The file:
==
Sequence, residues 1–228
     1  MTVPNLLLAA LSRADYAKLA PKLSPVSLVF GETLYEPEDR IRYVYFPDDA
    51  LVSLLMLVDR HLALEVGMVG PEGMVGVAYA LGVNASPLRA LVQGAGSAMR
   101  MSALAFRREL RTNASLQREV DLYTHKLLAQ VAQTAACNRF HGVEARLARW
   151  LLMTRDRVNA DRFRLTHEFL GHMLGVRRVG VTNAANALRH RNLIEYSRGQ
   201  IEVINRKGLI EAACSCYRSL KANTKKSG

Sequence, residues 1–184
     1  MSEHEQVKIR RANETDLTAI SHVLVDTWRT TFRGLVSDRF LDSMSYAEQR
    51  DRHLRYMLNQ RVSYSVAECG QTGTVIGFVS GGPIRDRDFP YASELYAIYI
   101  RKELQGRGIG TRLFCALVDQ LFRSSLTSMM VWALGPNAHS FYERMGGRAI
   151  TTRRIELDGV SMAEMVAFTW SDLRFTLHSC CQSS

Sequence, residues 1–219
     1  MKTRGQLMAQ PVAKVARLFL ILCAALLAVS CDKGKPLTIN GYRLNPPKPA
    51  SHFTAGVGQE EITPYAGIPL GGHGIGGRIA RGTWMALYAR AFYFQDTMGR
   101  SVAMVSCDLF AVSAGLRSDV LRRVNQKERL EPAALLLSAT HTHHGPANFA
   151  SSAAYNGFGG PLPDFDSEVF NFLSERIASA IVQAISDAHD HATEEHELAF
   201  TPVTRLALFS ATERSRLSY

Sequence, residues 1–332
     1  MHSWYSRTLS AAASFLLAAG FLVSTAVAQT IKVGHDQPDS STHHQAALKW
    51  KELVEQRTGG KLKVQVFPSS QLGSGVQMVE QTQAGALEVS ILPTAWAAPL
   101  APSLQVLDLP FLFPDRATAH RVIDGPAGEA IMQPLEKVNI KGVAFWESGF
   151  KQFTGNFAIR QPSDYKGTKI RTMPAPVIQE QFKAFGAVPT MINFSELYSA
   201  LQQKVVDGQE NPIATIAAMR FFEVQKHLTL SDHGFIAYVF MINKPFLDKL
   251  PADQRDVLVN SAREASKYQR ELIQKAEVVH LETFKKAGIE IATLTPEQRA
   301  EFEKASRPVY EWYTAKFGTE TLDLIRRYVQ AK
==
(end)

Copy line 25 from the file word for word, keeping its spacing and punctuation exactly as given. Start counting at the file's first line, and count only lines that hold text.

   301  EFEKASRPVY EWYTAKFGTE TLDLIRRYVQ AK